This coming together of the 'O2O' - online to offline - experiences means that to do something in the real world, you only need one digital application, and this is a growing trend. On the Chinese New Year we traditionally give members of the family and young people red envelopes containing cash to celebrate the new year. This year, we could send 'virtual' red envelopes via our mobiles, which totally changed the landscape of money movement, and allowed users to understand the ease with which they can move money through their mobiles.

Enterprise Mobility is a Priority, and is Well Underway

Enterprise Mobility is moving ahead at a pace in China, and is actually part of the government's five-year plan to increase efficiency. While BYOD is a real headache given the fragmentation in the handset market, employees are increasingly being provided with corporate liable devices to do business on the move. Many industries here are also moving towards true Enterprise Mobility, including in supply chain management, sales force automation and work force management, and rolling out applications to support employees in the field. Utilities, resources and manufacturing are all key industries benefitting from implementing mobility, and one of the key drivers for this - in addition to efficiency - is safety.

Safety is paramount for Chinese companies, and inspections are often carried out to ensure employees are adhering to safety policies and regulations. Mobility is used as a tool for everything from certifications, identifying problems, and reporting from the field for real-time updates. As a manufacturing hub, in order to continue to drive development and growth for China it is important that a reliable, safe infrastructure is in place. When companies are growing at enormous scale and speed, mobility tools can help ensure that everything is done to a high safety standard.

In companies of hundreds of thousands of people spread right across China, mobile devices play a key role in development and collaboration. Whether participating in on-boarding or being instructed to use new equipment or remotely accessing step-by-step guides to an activity, mobile devices make connecting with a huge, disparate work force possible. To help demonstrate compliance with safety standards, mobile devices are also increasingly being used by employees to participate in training programmes to ensure everyone completes courses to the right standard, with reports automatically generated and shared with the relevant teams.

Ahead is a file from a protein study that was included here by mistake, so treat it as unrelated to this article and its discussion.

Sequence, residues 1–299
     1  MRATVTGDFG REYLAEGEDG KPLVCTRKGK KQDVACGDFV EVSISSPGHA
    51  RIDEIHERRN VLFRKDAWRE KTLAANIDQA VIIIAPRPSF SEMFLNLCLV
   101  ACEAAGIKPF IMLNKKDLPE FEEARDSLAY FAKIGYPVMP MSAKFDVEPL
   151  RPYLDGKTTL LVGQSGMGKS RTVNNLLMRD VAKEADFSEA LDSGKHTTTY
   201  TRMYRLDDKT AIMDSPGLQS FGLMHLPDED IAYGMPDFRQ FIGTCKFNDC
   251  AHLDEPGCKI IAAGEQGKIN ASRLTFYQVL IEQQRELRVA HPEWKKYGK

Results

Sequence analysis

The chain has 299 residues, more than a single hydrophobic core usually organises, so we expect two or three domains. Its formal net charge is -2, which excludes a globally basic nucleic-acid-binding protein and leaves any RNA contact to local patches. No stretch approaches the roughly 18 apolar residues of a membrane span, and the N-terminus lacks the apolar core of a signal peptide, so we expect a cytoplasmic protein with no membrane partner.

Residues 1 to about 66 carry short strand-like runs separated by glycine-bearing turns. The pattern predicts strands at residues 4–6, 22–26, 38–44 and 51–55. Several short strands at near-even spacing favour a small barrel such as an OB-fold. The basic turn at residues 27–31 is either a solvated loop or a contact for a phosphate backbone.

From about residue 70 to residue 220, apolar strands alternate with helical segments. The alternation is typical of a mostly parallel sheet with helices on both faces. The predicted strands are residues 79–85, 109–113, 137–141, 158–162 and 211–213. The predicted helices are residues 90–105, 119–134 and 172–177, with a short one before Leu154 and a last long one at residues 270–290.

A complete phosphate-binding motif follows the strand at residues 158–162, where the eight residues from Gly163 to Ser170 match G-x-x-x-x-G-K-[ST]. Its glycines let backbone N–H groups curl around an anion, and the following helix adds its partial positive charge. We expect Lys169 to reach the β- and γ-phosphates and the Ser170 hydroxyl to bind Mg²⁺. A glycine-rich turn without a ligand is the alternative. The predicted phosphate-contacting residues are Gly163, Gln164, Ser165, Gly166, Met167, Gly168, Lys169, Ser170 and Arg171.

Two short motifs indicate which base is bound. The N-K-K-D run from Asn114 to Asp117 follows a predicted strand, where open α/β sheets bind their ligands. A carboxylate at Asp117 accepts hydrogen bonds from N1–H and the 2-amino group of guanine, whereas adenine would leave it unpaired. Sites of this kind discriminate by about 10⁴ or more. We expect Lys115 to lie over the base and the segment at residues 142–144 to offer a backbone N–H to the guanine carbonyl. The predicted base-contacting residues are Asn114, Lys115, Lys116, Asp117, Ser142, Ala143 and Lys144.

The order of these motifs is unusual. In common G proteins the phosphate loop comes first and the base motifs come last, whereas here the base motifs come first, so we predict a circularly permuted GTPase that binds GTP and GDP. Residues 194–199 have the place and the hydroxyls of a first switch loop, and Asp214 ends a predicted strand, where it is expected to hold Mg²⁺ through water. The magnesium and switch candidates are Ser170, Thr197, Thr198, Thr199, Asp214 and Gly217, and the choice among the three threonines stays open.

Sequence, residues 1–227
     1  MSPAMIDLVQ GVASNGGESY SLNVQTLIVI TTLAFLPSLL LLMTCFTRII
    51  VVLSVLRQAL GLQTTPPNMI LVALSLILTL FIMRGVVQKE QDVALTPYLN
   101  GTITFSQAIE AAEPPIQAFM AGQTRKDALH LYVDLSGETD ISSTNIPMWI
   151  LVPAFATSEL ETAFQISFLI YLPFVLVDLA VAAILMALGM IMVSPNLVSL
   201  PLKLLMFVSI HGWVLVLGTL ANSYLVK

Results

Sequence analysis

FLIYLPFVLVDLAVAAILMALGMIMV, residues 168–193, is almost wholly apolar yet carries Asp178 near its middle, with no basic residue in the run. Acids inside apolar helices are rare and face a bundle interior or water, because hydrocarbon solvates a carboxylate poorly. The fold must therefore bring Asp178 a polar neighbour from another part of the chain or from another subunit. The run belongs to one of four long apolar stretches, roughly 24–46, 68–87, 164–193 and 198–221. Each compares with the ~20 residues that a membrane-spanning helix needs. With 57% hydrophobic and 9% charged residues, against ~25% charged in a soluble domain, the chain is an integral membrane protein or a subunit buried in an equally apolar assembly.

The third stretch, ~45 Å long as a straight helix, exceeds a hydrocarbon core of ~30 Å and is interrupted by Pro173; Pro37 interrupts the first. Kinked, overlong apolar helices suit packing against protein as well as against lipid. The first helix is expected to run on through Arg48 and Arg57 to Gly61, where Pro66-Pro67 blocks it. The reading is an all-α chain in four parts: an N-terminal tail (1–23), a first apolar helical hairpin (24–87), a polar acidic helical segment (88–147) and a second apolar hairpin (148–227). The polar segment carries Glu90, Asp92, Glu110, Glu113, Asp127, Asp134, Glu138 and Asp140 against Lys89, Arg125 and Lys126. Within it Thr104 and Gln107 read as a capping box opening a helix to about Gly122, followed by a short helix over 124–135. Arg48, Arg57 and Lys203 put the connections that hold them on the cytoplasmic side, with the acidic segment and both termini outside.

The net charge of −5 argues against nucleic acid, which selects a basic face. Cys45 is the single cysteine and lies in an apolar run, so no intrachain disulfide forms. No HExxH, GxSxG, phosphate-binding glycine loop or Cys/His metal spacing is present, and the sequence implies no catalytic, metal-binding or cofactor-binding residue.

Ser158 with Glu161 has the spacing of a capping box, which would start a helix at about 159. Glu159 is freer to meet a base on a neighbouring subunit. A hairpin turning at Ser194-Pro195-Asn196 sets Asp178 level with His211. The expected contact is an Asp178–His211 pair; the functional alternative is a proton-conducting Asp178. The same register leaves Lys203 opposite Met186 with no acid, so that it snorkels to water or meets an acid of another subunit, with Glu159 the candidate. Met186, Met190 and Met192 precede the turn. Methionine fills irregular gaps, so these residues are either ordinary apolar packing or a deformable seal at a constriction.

Due to the local regulatory environment, we're starting to see a growing interest in localised Chinese platforms and application offerings, so in addition to using off the shelf solutions, innovation in development is a growth area here.

What's Next?

It's an increasingly common trend in China that manufacturers are offering to build custom wearable and mobile devices for companies. This means that in China, where businesses can have over a million employees, scale works to their advantage as they can order devices optimised for the specific environments in which they're working. The capacity to 'personalise' devices for a business also means that each security or software needs can be met according to the relevant requirements. The growth in these devices will coincide with a growth in the Industrial Internet of Things and the increasing use of sensors and connected devices in industries as diverse as oil and gas and consumer goods development. As more devices can talk to each other and share data, I also expect that our use of analytics in China will become increasingly, and rapidly, advanced, in order to improve business decision making.

The Chinese enterprise market is an extremely competitive one, and when it comes to delivering products and services both at home and abroad, there is a constant and concerted effort to find ways to cut costs and drive efficiencies. Mobility is a trusted and increasingly utilised tool in this effort, and I'm confident that we're well on the way to embracing other digital technologies to enhance, support and safely grow our businesses.

This article was written by Neil Hickey, China Country Lead for Accenture Mobility, part of Accenture Digital for the regional 'view from' series.

neil.JPG

eme_blog_banner_600x200.gif


Thank you, for your interest in Regional Focus: Accenture's View from... China.
Contributor: Robbie Westacott